Fishermen from the small whaling village of Lamalera, on a sunbaked island in remote eastern Indonesia, have been hunting whales for centuries.
They still do, now with permission from the Indonesian government, as long as it is for their own consumption and not for commercial sale. They may also hunt dolphins and mantas for their own use.
But as the government cuts down on illegal fishing in the Savu Sea, trying to conserve a critical migratory route for whale and dolphin species, conservationists are calling for a strict regulation of Lamaleran hunting practices, too.
“This is not basic needs. This is really beyond that,” said Glaudy Perdanahardja, an official with The Nature Conservancy, which is based in the United States but has an office in Indonesia that focuses on the Savu Sea. He suggested that islanders were no longer hunting merely for subsistence, but also for commercial purposes.
Although the group acknowledges the importance of whaling to the community, it worries that the introduction of motorboats to Lamalera more than a decade ago has led to the killing of more marine life.
Nowadays, Lamalerans use motorboats to hunt dolphins, mantas, and pilot whales, rather than traditional sailboats. While they still use sailboats to harpoon sperm whales, they sometimes use motorboats to tow the sailboats to the whales to speed up the chase.
But Lamalerans bristle at efforts by outsiders to regulate their fishing practices.
“The sea is our mother,” said Aloisius Gnneser Tapoona, 63, a grizzled harpooner who said he had killed around 80 sperm whales in four decades of hunting.
“Those who would restrict our access to the sea are those who would kill our mother.”
“Villagers of Lamalera are born from the whale,” continued Mr. Tapoona, whose house is decorated with trophies from the whales he has harpooned.
Their bones are displayed in a sculpture garden at the front of his yard.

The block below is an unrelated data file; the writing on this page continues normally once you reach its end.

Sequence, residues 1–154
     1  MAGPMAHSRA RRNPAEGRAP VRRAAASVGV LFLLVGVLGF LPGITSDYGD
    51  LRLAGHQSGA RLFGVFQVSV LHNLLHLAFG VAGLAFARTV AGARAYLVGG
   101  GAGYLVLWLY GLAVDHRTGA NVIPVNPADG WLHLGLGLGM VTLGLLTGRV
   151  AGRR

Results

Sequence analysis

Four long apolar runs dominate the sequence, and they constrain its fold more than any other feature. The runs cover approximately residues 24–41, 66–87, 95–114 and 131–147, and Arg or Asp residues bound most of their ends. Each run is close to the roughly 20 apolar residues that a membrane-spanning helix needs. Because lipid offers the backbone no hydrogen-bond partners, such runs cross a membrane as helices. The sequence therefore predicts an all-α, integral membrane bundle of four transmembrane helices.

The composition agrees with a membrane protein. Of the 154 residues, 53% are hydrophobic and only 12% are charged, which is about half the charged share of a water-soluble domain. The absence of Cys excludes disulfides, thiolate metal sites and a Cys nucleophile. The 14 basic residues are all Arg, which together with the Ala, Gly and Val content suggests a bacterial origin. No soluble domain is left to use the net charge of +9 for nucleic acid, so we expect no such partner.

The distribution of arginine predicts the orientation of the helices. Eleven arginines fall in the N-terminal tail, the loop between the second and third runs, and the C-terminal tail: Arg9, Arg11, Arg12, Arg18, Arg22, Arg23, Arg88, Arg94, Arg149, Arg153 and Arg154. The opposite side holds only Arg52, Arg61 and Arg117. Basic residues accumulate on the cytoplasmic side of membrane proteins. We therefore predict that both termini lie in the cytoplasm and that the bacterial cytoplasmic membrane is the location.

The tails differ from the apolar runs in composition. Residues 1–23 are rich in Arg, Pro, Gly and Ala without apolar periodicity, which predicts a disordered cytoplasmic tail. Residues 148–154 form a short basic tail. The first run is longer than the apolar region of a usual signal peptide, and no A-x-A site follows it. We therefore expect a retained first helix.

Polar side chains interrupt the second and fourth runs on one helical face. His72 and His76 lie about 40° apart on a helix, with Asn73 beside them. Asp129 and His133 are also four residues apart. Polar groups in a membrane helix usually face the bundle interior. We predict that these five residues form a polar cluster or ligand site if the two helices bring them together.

“I always tell my child, ‘Your bones are from the whale. Your blood is from the whale. Your flesh is from the whale.’”
Mr. Tapoona estimated that Lamalerans catch around 20 sperm whales a year along with uncountable numbers of smaller pilot whales, dolphins, and mantas.
The village’s hard and rocky soil makes growing crops impossible, so villagers have no choice but to take full advantage of what the sea provides, he said.
Still, there are signs that Lamalera’s fishermen are trafficking in wildlife parts, which villagers say is related to changing economic times.
Over the last decade, cash has become an inescapable part of village life, as the barter economy fades. A local credit union opened in town a few years ago, offering loans for villagers to pay for modern needs like motor oil and their children’s education.
Over cigarettes and tuak, a foamy alcoholic drink made from palm fruit, fishermen confessed that loans had become a problem. A few bad catches, they said, and they could fall behind on their payments and slide deeper into debt.
In July, Indonesia’s police announced that they had intercepted a shipment of whale bones being trafficked between Lamalera and Poland. Last November, Gregorius Dengekae Krova, 61, a Lamalera fisherman, was arrested by Indonesia’s wildlife police after collecting manta fins for a presumed sale.